In terms of braking, I have only ever done one ABS-enabled stop with them from about 40km/h. It was in the dry, and it stopped the car about one car length sooner than I expected. My mechanic used the "Brake Testa" every year before the car's registration gets renewed, and it delivers maximum braking force of more than 1G every time. This was on standard brake lines, RBF600 brake fluid (good), RDA slotted disc rotors (very nice) and RDA brake pads (not very good). [It would brake even better with braided brake lines and QFM brake pads, but the former is a bit of an overkill for street use I think!]
So these tyres fit my driving style perfectly, especially when they are kept at a pressure of 36-38psi (a little less at the rear unless I was carrying loads). Perhaps because of this, with the Astra having travelled 160,956km as at today i.e. 44,559km or almost 27,688 miles later, with rotation at every service, the fronts still have 10% tread depth, and the rears still have 20%. I find this especially remarkable for an ultra high performance summer tyre. Compared to new, the noise did not seem to have worsened, and even the grip hardly reduced in the dry. In the wet, though, I have to be mindful these days of gentle understeer if I enter a sharp corner at a speed that is slightly ambitious. In these instances, I do not use the brake or accelerator during the turn, and the RE001's are still very forgiving, including no hint of any snap oversteer. I have yet to aquaplane/hydroplane these RE001's in the straights, even at these tread depths. Bridgestone claims the RE001's are designed to offer grippier compound as the tyre wears out, and my observations seem to uphold their claim. In fact, these worn RE001's are definitely better than the similarly worn Proxes 4's that I had, in all areas.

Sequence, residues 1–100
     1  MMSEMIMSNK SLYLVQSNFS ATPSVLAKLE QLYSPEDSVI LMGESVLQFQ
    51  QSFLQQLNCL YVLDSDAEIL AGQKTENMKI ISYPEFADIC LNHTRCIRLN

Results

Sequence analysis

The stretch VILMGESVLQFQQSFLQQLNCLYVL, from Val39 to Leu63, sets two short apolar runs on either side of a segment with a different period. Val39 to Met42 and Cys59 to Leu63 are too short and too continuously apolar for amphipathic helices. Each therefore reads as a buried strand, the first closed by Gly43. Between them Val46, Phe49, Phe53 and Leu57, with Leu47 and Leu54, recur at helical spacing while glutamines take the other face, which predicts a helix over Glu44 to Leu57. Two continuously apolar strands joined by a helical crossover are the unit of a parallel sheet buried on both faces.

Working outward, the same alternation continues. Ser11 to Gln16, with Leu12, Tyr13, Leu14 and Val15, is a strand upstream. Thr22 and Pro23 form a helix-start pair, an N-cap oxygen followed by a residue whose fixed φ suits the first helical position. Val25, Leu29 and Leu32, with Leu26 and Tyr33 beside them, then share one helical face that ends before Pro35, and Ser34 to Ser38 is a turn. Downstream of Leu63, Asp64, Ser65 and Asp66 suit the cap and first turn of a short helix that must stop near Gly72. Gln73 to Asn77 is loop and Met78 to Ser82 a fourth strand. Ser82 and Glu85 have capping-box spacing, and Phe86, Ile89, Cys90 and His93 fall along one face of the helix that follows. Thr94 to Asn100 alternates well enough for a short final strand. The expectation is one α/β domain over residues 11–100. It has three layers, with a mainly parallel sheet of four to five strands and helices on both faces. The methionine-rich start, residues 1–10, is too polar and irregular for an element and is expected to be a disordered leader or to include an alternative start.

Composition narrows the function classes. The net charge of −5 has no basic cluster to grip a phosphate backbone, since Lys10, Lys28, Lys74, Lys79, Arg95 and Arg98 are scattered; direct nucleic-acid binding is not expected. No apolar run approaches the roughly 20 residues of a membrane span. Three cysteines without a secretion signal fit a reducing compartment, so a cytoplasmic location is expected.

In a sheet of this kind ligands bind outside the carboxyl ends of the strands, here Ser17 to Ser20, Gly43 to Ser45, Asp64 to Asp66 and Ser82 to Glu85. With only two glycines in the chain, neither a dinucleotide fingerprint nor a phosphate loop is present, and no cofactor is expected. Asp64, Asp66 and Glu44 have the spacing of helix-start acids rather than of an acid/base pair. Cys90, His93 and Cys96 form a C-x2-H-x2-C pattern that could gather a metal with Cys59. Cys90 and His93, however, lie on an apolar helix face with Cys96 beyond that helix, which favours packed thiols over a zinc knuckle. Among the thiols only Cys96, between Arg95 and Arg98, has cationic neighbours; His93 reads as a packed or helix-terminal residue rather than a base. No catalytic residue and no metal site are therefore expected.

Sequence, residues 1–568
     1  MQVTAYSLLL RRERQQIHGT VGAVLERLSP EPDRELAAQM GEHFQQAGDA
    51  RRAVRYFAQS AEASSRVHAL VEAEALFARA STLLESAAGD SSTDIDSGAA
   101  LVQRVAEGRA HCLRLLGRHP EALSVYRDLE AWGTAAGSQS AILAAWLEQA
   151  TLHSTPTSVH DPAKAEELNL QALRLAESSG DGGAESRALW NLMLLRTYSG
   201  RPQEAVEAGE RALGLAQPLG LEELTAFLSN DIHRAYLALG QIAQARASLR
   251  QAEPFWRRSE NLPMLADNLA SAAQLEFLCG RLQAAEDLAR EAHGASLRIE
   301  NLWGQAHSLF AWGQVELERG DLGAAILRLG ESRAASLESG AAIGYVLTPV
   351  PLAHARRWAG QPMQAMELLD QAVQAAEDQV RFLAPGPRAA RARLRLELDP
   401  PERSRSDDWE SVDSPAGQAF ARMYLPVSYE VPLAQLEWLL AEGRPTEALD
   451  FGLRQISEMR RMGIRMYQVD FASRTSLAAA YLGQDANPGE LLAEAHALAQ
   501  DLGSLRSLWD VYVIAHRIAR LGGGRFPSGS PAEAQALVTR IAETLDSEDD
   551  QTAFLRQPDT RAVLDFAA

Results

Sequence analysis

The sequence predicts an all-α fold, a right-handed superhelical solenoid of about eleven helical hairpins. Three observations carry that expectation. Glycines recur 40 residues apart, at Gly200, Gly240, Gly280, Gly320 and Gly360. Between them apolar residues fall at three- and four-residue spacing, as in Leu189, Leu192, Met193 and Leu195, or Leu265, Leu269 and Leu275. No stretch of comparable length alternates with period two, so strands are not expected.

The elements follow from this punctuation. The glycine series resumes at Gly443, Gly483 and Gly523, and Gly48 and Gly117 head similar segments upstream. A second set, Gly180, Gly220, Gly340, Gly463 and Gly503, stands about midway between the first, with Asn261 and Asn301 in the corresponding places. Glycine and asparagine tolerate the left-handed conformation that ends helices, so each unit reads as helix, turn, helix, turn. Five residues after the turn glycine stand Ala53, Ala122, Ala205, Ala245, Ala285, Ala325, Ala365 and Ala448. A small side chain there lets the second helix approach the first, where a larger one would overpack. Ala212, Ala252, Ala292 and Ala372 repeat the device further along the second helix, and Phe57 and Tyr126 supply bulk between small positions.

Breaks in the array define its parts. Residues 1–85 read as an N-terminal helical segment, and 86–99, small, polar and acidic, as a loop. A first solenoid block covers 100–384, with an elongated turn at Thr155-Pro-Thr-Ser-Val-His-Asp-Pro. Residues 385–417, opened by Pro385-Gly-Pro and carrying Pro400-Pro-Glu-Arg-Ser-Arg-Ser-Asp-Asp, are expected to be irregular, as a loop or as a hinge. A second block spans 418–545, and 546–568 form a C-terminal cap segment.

I have since put new RE001's on my Mum's Mazda6 and my sister's Holden Barina XC (aka Opel Corsa C). That was 2 years ago, and both are very happy with their upgrades. So as long as you drive gently for the first 500km or so, and not drive like an absolute maniac all the time after that, I would not recommend any other tyre. What you trade off in slightly worse ride comfort, you get back in dry and wet grip, perhaps in tyre life and even in low running noise, as well as a level of confidence and assurance not many other street tyres can provide, through the RE001's extra safety margin that is readily available in any emergency situation.
I have made many mistakes in my life (and most likely will make some more!), but definitely not when it comes to buying these fantastic RE001's, especially as they have saved my life at least once. The only reason I won't be buying these RE001's again, is because the newer (and according to Bridgestone's claims, even better) RE002's are now available!